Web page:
application essentially.
And if this contract
were to have any ethers,
ethereum inside of it,
by passing the owner
into the self destruct,
basically any remaining ether
will be sent to the owner,
so that’s pretty much it
for the code, now let’s
actually take our code
for a spin, right, so basically,
on the right pane here,
we have bunch of tabs here,
basically the first one
is compile, so compile
like I mentioned before
is solidity’s high-level
language, it gets compiled down
into bite codes, you can
click the details tab
that will tell you basically
the bite codes and everything.
These are the bite
codes push, all of these
are ethereum bite codes
and there’s more detail
about your contract you can
look at, but what we’re gonna do
is go to the run tab and
actually take our smart contract
for a spin, so here
basically, the JavaScript VM,
there’s three different
environments you can run,
so the JavaScript VM,
basically what it does
is inside the browser window
itself, inside the JavaScript,
basically what it’s gonna do
is mimic the ethereum blockchain.
It’s gonna create this little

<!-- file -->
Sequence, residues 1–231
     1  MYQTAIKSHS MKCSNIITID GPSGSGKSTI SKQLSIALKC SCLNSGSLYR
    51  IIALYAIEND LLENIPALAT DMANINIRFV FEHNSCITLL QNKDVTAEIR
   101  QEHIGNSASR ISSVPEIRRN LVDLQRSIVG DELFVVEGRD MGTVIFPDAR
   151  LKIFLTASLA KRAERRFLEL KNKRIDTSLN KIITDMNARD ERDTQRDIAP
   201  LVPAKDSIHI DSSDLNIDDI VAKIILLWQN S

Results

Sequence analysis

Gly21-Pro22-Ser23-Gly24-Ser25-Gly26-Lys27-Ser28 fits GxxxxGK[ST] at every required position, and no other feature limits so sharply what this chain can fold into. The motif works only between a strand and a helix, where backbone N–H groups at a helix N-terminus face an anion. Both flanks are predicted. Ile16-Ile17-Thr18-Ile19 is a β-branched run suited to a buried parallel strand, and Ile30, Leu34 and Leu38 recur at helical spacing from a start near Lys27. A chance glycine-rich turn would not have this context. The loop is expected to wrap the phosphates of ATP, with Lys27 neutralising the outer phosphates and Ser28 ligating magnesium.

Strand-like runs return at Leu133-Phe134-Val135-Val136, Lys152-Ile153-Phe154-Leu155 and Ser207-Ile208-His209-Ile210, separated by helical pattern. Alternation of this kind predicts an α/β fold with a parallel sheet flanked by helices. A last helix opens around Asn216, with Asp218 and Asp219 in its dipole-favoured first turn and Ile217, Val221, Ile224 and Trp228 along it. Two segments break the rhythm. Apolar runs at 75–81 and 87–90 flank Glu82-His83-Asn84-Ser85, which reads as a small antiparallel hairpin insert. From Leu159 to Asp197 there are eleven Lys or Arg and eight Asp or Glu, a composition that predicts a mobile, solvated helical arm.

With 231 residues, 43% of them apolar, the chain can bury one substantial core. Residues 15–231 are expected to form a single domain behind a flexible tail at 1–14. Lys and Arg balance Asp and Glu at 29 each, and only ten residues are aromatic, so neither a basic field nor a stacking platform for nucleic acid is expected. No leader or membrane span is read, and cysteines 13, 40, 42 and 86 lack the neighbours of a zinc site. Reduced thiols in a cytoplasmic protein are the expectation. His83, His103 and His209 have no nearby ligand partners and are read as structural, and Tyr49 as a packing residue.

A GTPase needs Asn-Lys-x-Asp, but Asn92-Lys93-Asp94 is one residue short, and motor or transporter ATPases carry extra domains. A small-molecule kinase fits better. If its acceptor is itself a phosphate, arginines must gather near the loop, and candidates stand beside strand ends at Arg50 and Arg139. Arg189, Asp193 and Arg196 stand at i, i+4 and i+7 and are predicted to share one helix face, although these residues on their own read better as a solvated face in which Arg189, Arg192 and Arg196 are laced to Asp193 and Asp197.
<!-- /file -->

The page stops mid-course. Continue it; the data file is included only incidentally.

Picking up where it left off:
test etherum blockchain,
and it’s gonna mine
everything instantaneously;
it’s not really connected
to the ethereum network,
it’s just always inside
the browser’s hand box.
That’s what the JavaScript VM is
is basically the fastest
way to test your contract.
Injected Web3 is say if you have Metamask,
if you don’t know,
Metamask is a Chrome plugin
that basically manages,
it’s like a ethereum wallet essentially,
and you can inject the Web3
wallet, and if you select that,
it will connect your
Metamask account directly
and then you can actually
deploy your contract
onto the test net or the
main net, and then you
will have to pay real ether if
you do the main net obviously
through Metamask, and Web3
Provider is basically,
if you have a local
instance of a guest node,
so if you download it,
like, if you run a full node
for example or even like a,
something like a test blockchain,
like, something like Ganache
locally on your computer,
then you can use Web3 Provider to connect
to your local instance of
ethereum, and if you do that,
you can specify the local
host and the port number
that your thing is running
at, but for this example,
yeah, why not, let’s
use the Web3 Provider,
so let me actually launch
the Ganache test blockchain,
I’ll show you guys what
that would look like,
so Ganache is basically a